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N Engl J Med. 2008 Jul 31;359(5):473-81. doi: 10.1056/NEJMoa071142.

Effect of cyclosporine on reperfusion injury in acute myocardial infarction.

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Hôpital Arnaud de Villeneuve, Montpellier, France.



Experimental evidence suggests that cyclosporine, which inhibits the opening of mitochondrial permeability-transition pores, attenuates lethal myocardial injury that occurs at the time of reperfusion. In this pilot trial, we sought to determine whether the administration of cyclosporine at the time of percutaneous coronary intervention (PCI) would limit the size of the infarct during acute myocardial infarction.


We randomly assigned 58 patients who presented with acute ST-elevation myocardial infarction to receive either an intravenous bolus of 2.5 mg of cyclosporine per kilogram of body weight (cyclosporine group) or normal saline (control group) immediately before undergoing PCI. Infarct size was assessed in all patients by measuring the release of creatine kinase and troponin I and in a subgroup of 27 patients by performing magnetic resonance imaging (MRI) on day 5 after infarction.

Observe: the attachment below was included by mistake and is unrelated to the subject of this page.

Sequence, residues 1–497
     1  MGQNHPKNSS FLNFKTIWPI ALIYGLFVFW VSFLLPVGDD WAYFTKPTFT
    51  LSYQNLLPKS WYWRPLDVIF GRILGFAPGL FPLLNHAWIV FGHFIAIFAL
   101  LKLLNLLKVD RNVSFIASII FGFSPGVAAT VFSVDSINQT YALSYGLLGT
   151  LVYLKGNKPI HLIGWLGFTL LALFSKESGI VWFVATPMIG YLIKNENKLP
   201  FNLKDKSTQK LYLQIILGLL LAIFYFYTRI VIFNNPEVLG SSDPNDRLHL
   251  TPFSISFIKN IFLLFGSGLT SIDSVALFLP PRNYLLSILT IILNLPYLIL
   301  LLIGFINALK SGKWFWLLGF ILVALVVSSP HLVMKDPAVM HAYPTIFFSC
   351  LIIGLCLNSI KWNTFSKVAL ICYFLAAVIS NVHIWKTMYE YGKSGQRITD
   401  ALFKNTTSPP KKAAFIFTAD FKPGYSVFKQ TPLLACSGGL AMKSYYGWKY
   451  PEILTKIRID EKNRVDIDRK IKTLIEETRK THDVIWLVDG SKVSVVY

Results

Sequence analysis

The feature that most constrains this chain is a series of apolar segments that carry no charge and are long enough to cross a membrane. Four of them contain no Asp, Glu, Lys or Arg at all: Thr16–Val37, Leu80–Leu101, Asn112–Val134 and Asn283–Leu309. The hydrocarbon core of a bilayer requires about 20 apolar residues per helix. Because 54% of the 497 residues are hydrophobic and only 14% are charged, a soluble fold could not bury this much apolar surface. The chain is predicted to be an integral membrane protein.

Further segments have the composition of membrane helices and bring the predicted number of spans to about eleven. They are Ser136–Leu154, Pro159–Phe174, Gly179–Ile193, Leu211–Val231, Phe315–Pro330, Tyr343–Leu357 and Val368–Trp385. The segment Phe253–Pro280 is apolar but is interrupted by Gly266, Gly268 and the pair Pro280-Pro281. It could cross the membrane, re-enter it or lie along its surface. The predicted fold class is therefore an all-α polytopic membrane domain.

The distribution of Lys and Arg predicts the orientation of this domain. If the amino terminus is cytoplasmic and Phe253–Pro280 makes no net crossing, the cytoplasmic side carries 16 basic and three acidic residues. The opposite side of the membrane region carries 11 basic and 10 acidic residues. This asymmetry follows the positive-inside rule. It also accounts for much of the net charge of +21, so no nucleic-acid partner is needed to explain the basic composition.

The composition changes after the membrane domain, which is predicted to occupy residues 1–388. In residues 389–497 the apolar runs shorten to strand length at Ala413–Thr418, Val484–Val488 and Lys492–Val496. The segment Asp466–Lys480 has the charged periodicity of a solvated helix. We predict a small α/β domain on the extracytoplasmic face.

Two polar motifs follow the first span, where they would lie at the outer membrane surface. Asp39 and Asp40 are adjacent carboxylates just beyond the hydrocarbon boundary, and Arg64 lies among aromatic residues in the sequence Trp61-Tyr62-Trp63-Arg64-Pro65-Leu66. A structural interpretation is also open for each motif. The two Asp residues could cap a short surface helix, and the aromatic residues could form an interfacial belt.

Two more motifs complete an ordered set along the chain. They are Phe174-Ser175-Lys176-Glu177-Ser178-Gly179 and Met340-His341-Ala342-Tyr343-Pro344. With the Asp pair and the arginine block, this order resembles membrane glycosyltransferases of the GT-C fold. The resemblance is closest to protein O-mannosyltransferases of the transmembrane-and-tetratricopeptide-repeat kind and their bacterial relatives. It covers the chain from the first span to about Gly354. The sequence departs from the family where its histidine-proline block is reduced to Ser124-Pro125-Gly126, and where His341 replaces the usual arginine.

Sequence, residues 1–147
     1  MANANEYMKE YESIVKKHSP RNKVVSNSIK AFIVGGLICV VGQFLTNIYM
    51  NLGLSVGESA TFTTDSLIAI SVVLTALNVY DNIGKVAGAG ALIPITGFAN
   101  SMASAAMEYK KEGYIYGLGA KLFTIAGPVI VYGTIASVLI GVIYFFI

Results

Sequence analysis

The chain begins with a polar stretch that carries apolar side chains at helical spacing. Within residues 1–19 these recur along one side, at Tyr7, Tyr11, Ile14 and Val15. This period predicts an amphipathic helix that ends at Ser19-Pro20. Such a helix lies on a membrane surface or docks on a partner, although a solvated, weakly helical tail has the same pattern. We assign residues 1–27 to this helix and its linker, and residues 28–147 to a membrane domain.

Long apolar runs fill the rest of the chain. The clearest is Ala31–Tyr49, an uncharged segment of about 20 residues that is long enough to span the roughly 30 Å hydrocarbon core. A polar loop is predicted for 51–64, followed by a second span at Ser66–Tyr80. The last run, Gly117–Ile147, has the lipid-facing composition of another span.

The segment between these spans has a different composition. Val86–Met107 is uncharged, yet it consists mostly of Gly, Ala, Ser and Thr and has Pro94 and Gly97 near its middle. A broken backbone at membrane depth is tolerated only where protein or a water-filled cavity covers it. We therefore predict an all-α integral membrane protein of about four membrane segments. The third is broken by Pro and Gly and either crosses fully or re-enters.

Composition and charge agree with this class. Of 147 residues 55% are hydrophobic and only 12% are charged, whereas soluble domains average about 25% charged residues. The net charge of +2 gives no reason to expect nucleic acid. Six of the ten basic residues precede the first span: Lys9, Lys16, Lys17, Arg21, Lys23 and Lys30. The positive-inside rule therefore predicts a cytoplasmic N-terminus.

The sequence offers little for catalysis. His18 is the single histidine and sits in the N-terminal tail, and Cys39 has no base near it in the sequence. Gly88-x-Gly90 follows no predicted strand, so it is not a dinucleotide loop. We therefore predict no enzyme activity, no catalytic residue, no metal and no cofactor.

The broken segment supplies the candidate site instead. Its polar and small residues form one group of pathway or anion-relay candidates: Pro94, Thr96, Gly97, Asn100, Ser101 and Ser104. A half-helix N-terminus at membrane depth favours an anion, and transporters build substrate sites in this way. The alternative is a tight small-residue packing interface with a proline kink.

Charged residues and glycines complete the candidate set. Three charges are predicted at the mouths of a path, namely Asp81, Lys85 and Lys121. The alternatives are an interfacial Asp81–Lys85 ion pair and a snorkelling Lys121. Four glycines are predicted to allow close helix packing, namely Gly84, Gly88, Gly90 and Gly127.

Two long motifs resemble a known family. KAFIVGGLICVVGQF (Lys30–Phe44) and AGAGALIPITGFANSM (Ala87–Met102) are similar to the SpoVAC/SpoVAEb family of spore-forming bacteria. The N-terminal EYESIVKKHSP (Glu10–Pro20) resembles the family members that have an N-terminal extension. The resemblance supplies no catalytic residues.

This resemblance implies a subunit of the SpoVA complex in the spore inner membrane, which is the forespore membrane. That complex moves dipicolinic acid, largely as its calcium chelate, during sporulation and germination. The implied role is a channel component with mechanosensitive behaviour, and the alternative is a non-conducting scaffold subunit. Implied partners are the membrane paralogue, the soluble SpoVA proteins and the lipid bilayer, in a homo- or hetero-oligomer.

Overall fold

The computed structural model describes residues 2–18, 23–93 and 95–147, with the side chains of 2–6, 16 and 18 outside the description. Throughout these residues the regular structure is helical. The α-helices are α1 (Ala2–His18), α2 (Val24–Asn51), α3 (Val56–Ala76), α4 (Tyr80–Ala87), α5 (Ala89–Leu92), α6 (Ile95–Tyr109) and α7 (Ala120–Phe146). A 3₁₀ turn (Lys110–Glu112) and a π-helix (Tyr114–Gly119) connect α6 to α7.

The cyclosporine and control groups were similar with respect to ischemia time, the size of the area at risk, and the ejection fraction before PCI. The release of creatine kinase was significantly reduced in the cyclosporine group as compared with the control group (P=0.04). The release of troponin I was not significantly reduced (P=0.15). On day 5, the absolute mass of the area of hyperenhancement (i.e., infarcted tissue) on MRI was significantly reduced in the cyclosporine group as compared with the control group, with a median of 37 g (interquartile range, 21 to 51) versus 46 g (interquartile range, 20 to 65; P=0.04). No adverse effects of cyclosporine administration were detected.


In our small, pilot trial, administration of cyclosporine at the time of reperfusion was associated with a smaller infarct by some measures than that seen with placebo. These data are preliminary and require confirmation in a larger clinical trial.

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